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In 1926, Chicago architect Benjamin Franklin Olson completed the Elmhurst College master plan, which is still in evidence and being followed over 75 years later. His holistic architectural plan featured traditional red-brick buildings outlining a grass quadrangle and brought the East Coast style of Ivy League campus to the Midwest. This well-prepared and presented plan has separated Elmhurst College architecturally from similar institutions in the Midwest. When you walk through the present-day front gates of Elmhurst, Olson's vision can easily be found, hardly changed from his original design.
The plan called for a quadrangle, or Mall as it is commonly called, set in the middle campus with key buildings to anchor it. Surrounding the Mall would be a library, a gymnasium, a worship chapel, academic classroom buildings, and residence halls. It took Elmhurst College over 30 years to realize Olson's original plan, which was accomplished with the completion of Hammerschmidt Chapel in 1957. While the functions of these buildings have changed over the years to allow for campus development, the architectural qualities and external features of all the buildings have been preserved. The result is an aesthetically pleasing campus with a consistent architectural style woven throughout its buildings. Buildings that have been added in recent years also feature the traditional red-brick design, and that style has become the hallmark of Elmhurst College buildings.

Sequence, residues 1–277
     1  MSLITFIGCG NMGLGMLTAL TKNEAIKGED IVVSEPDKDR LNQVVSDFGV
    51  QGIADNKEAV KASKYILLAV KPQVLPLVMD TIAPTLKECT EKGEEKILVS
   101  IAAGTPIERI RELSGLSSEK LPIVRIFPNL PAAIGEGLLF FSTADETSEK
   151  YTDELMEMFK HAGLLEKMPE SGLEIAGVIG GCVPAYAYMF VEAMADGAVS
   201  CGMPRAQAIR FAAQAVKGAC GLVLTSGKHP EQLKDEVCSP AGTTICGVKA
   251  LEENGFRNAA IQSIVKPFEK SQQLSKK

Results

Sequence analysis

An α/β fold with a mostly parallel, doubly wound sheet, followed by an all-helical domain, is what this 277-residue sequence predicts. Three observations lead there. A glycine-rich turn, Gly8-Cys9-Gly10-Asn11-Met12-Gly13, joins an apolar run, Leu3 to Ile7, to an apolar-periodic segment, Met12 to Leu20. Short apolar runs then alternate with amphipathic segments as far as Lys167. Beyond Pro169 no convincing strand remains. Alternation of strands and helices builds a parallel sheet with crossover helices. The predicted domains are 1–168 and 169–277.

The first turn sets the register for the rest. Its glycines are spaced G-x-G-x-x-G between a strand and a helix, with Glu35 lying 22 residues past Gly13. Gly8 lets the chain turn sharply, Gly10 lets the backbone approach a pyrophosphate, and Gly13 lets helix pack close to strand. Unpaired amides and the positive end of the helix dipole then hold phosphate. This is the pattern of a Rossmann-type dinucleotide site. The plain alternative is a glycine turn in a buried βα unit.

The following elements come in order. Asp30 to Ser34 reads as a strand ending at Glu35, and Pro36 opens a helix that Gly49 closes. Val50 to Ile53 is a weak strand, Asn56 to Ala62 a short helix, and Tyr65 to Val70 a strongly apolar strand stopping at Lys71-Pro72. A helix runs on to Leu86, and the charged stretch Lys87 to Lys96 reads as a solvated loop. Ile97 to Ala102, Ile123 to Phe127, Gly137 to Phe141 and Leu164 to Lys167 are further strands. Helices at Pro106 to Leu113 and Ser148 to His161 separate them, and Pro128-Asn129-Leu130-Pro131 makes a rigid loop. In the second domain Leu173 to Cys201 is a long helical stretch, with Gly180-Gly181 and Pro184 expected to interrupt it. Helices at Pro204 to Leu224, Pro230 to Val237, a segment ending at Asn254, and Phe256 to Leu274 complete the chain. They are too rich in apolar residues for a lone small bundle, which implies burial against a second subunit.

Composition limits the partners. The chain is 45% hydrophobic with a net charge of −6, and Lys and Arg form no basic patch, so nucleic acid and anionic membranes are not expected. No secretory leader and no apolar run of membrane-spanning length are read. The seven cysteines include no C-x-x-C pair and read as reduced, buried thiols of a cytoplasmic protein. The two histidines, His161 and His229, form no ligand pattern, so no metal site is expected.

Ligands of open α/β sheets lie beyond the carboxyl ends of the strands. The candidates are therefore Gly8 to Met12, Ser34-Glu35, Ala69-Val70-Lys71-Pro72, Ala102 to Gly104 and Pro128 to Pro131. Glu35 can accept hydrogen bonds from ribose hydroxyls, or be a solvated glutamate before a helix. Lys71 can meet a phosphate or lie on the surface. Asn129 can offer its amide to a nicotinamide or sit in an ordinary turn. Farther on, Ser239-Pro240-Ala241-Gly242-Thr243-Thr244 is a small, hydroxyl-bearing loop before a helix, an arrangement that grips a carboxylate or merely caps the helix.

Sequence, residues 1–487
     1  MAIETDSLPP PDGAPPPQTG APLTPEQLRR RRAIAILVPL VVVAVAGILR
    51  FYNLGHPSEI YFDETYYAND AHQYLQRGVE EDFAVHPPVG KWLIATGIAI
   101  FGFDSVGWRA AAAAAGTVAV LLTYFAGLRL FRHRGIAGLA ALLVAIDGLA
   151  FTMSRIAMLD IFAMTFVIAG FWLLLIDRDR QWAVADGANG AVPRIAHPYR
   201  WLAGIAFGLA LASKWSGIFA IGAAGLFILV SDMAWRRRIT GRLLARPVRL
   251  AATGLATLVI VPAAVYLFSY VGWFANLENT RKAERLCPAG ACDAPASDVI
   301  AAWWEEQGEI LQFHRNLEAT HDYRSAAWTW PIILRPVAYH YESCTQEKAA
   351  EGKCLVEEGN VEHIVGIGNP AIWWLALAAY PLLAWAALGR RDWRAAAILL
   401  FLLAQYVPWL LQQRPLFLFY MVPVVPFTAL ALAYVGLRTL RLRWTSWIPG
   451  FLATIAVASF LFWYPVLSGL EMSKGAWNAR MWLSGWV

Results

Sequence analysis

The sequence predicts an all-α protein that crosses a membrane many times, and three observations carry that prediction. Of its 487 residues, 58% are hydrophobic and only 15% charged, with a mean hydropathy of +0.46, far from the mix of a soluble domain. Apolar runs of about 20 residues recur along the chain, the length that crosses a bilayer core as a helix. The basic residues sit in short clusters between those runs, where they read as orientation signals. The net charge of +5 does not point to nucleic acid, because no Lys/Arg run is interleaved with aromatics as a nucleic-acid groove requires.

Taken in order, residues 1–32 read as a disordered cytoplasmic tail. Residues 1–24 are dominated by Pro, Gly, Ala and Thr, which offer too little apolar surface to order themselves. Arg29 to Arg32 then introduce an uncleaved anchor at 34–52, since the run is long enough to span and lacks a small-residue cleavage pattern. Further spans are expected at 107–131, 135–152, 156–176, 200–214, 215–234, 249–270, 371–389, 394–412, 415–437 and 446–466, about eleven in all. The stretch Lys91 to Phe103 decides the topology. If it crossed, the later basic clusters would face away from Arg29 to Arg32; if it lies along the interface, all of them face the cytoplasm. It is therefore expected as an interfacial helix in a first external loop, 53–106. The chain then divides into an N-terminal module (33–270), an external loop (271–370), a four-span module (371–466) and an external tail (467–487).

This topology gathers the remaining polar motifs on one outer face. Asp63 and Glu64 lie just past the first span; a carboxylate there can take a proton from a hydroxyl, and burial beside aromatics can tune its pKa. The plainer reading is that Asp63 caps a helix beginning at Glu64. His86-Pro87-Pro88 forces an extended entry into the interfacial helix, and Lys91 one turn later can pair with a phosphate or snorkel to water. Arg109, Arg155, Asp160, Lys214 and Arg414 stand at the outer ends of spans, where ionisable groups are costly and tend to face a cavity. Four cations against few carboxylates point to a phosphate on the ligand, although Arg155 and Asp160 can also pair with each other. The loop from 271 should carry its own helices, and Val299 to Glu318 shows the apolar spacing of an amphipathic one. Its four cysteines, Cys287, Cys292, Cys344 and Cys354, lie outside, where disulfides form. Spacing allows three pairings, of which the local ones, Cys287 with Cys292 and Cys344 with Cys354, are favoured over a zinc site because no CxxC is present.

Campus Master Plan. [n.d.] Elmhurst College, Elmhurst, IL.
Cutright, Melitta J. An Ever-Widening Circle: The Elmhurst College Years. Elmhurst, IL: Elmhurst College Press, 1995.